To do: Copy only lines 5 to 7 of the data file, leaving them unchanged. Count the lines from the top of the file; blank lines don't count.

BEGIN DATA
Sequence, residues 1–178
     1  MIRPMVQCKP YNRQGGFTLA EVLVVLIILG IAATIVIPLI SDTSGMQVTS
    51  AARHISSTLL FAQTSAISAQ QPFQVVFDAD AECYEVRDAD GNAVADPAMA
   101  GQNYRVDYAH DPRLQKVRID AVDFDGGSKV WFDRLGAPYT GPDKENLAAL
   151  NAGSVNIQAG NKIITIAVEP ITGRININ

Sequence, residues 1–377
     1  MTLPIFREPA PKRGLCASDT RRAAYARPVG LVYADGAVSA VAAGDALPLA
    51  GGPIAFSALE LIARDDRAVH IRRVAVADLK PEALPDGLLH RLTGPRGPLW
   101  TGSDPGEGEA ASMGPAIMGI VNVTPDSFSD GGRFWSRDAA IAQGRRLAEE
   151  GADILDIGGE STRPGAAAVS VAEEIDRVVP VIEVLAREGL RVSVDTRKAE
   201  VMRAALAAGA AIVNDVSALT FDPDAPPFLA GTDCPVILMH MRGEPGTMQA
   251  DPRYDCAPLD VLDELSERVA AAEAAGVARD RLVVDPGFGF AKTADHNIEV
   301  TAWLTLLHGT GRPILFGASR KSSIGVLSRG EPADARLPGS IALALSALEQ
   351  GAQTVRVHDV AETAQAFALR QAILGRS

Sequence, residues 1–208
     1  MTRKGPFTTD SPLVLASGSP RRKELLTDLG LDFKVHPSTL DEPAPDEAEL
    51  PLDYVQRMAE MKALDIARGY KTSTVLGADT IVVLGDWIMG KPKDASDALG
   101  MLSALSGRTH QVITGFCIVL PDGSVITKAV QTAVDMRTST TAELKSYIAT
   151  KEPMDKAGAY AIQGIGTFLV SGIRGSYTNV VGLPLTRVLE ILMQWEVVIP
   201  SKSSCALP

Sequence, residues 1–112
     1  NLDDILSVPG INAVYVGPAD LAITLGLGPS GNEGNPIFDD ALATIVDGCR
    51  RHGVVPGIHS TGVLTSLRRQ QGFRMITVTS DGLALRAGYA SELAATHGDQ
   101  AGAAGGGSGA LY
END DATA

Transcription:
   151  NAGSVNIQAG NKIITIAVEP ITGRININ

Sequence, residues 1–377
     1  MTLPIFREPA PKRGLCASDT RRAAYARPVG LVYADGAVSA VAAGDALPLA